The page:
Doing the math: 2,896 plus 40 minus 1,870 equals 1,336 COMEX contracts, the change in the Commercial net short position.
The Commercial net short position in silver now sits at 300.2 million troy ounces...down 6.7 million troy ounces from the 306.9 million troy ounces that they were short in last Friday's COT Report...which is obviously the headline number change mentioned further up.
The Big 8 are short 369.8 million troy ounces in this week's COT Report, a decrease of only 100,000 troy ounces from the 369.9 million troy ounces they were short in last Friday's COT Report.
The headline change in the Commercial net short position above showed an decrease of 6.7 million troy ounces. So Ted's raptors, the small commercial traders other than the Big 8 shorts did virtually allof the buying during the reporting week...to the tune of 6.7-0.1=6.6 million troy ounces...1,320 COMEX contracts...as they increased their long position by that amount.
It was their buying of long positions that had the mathematical effect of decreasing the commercial net short position by the amount that it did...except for that net 100,000 troy ounces bought by the Big 8 shorts.
Always remember that despite their small size, Ted's raptors are still commercial traders in the commercial category.
The Big 8 are short 369.8/300.2 equals about 123 percent of the Commercial net short position in silver, up from the 121 percent they were short in last week's COT Report -- and all because of all the longs purchased by Ted's raptors.
Here's the 3-year COT chart for silver, courtesy of Nick Laird as always. Click to enlarge.
This insignificant decrease in the Commercial net short position in silver, although welcomed, still leaves the futures market structure in silver very much on the bearish side...especially from a Big 4/8 short perspective. So nothing has changed from last week's COT Report.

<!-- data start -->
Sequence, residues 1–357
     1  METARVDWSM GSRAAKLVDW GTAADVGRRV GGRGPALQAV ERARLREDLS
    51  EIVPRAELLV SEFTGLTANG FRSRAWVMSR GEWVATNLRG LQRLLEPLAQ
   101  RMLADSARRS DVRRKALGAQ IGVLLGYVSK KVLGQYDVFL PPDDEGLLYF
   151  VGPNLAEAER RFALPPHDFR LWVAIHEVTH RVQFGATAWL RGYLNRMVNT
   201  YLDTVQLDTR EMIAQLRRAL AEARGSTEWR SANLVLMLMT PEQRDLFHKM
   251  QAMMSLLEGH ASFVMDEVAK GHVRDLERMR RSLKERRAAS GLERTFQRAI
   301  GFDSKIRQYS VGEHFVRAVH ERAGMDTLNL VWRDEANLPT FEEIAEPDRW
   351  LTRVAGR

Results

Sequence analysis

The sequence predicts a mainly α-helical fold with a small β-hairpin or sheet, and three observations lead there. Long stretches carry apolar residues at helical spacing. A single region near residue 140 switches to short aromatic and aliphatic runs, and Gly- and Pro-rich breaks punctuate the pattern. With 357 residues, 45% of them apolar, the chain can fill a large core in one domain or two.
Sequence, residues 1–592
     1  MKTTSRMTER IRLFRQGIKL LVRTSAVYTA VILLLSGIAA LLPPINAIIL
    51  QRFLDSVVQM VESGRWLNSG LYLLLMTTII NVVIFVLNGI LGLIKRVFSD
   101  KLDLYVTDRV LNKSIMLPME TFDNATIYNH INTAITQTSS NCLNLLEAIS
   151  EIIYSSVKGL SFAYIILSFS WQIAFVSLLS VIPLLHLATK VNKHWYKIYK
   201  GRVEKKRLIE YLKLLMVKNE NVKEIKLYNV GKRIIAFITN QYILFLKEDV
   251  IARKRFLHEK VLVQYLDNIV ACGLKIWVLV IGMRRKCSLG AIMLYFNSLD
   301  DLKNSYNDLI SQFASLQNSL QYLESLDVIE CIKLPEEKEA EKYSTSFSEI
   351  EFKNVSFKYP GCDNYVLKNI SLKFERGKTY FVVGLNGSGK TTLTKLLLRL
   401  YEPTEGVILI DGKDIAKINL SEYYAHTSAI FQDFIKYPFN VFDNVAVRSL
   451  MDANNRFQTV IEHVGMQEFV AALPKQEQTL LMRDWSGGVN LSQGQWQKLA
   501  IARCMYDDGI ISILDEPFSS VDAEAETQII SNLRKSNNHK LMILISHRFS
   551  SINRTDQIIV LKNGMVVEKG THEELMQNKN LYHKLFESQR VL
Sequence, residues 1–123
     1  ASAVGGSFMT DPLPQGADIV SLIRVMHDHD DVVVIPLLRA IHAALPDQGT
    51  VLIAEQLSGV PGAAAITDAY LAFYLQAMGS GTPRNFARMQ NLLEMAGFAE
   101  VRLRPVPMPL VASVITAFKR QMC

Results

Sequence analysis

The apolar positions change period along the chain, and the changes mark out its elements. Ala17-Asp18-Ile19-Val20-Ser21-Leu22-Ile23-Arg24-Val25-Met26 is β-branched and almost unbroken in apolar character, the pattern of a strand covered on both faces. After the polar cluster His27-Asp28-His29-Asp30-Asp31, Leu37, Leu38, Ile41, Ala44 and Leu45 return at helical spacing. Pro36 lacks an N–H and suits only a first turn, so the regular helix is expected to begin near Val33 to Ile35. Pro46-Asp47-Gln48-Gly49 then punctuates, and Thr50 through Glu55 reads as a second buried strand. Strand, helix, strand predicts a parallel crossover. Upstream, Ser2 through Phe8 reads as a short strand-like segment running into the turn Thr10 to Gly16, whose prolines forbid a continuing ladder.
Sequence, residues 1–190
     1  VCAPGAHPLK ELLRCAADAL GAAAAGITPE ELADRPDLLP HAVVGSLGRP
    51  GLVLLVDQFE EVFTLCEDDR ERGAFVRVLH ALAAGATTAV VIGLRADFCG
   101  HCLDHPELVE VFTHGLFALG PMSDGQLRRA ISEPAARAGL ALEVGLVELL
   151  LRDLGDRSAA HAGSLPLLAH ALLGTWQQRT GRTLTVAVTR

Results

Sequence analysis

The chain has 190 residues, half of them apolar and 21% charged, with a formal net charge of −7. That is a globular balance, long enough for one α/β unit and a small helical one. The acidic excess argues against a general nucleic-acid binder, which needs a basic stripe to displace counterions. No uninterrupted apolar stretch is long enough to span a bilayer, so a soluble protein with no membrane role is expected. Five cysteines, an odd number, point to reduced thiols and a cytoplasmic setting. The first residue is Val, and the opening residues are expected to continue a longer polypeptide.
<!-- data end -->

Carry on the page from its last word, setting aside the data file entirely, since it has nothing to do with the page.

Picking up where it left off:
However, however tiny the amount, this is the first week of the last three, that the Big 4/8 have decreased their net short position in silver...as it's been an all-raptor affair.
Ted is still of the opinion that there's a 'whale' in the Swap Dealer category that holds a long position of at least 15,000 contracts. That trader has held that position for many months now. What it means, Ted's not sure about...but it certainly isn't bearish for the price.
The commercial traders in silver are still in a position to lay a beating on the silver price going forward -- and Ted's of the opinion that it will take a price of under $23/ounce to do a proper clean out.
But can they or will they, is a question that still remains unanswered as of this writing -- and events of this past month have most likely changed a lot of things.
And to repeat Ted Butler's quote from last Friday's column..."[O]ne of these days, market structure considerations, as defined by readings in the Commitments of Traders (COT) report, will matter little – supplanted by physical market considerations or other things (like the OTC derivatives positions of the banks.)"
Whether we've reached that point, is yet another question that remains unanswered, but it's a given that the current situation can't continue forever, especially considering the near insatiable demand for physical silver at both the wholesale and retail levels.